The generations of Moshe and Yehoshua were marked by great miracles and Divine protection. On the hand, the generation of R. Yehuda Bar Ilai the people still studied torah, despite the great poverty and apparent absence of Divine protection. Such commitment, obviously inspired by pure commitment is the real thing and therefore deserves the appellation of “she that feareth the Lord shall be praised.”
This analysis of Rabbi Weinberg raises some questions.
1. Rabbi Weinberg seems to be speaking about conscience. Michael Wyschogrod (Judaism and Conscience) points out that there is no word for conscience in classical Hebrew. This is probably because, as he puts it: “Judaism is based on obedience to God. in conscience it is not after all God who is being heard but man. The Jew, however, is required to listen to God and not to man.”
What is Rabbi Weinberg after in his quest for motivation based on internal qualities only?
Wyschogrod ultimately accepts the existence of conscience within a Jewish framework when he notes: “ And yet, it is very difficult to teach that the Jew owes nothing to his conscience. Is not the very act of obedience to God ultimately dependent on a dictate of conscience. At the genesis of the God-man relationship there must somewhere be a recognition by man that it is right to obey him whose command he hears and whose word becomes binding…”Without such an autonomous act of submission, men are the puppets of God and the divine command a facade behind which a divine determinism orders the objects of the word, among which man is merely one.”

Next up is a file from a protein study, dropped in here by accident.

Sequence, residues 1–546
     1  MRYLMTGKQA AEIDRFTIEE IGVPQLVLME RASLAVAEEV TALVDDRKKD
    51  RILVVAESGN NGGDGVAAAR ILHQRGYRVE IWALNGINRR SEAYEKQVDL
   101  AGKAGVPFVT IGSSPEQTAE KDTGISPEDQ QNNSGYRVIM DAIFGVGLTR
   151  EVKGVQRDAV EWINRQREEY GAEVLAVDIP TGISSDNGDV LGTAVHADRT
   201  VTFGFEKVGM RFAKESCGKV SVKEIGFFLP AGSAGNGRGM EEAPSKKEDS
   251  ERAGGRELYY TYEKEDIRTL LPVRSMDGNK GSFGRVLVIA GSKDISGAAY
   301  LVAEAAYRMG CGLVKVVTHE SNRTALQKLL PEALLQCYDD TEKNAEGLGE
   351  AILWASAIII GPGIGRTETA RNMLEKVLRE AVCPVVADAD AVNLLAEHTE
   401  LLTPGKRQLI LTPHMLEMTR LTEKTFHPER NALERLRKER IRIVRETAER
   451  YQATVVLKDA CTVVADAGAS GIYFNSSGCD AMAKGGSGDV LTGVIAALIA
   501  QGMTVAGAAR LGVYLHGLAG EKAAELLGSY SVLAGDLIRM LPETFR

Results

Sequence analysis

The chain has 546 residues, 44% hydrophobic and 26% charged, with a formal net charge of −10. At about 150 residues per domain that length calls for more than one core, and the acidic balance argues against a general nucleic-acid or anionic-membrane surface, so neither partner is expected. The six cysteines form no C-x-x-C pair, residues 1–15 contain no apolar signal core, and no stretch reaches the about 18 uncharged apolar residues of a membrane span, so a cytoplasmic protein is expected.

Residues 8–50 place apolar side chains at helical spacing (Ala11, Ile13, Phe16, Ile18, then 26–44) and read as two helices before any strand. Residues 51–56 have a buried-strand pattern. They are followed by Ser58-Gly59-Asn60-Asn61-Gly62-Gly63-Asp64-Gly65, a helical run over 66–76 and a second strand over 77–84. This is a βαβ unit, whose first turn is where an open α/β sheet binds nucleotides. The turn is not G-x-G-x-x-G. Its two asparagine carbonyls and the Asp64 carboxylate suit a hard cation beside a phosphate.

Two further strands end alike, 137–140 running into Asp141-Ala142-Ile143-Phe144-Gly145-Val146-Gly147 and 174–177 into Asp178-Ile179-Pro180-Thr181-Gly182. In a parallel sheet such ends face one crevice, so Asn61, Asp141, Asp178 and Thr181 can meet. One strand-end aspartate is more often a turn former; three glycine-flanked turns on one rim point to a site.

Is this Rabbi Weinreb’s point – that if we drill deep enough we can discover that one moment in time when a pure decision was made? Sinai was too overwhelming and so it obliterated that possibility.
2. Is the type of pure acceptance / love of God ever really possible? Doesn’t there always exist some type of external force leading one to choose a life of faith.
Consider the typical religious Jew who was brought up in an observant home. Does such a person lack the purity of service that Rabbi Weinreb sees in Purim and the generation of R. Yehuda Bar Ilai? Mut one overcome near destruction or suffer debilitating poverty in order to be considered a real oved Hashem – servant of God?
Perhaps this is what the Rabbi meant when they said:
מקום שבעלי תשובה עומדין צדיקים גמורים אינם עומדין
The place which the penitent occupy, the perfectly righteous are unable to occupy.
This is often taken to mean that since the penitent has tasted sin, the successful change of lifestyle elevates him to a higher level than the purely righteous.
In view of Rabbi Weinberg’s analysis, perhaps the penitent refers to someone who made a choice based on internal thought and insight without the help of a religious upbringing while the righteous person may have been following a path laid out for them by others. The purity of the penitents decision boosts his position in the eyes of the sages.
Wyschogrod attempts to solve these problems by admitting that pure conscience may not be possible and , from a Jewish perspective, not desireable. Conscience is good, but it must be trained. “First, there must be the genuine willingness to listen to conscience, not only to what we want to hear bit to what conscience is actually saying, however painful its message may be. And, second, there is the necessity for exposing conscience to those events and documents which constitute the record of Israel’s relation with God, immersion in which shapes the conscience of the Jews…we maintain that it [conscience] can be sensitized and developed by the tradition of revelation to which the people of Israel are witness and without which Jewish conscience is impoverished and isolated, cut off from its source of historic sustenance.”
Purim, as understood by the Rabbis is our best opportunity to examine our relationship with God without the overwhelming experience of sinai spoiling the choice, yet, with the recognition that our choices, as pure as we wish them to be, are and should be colored by our tradition.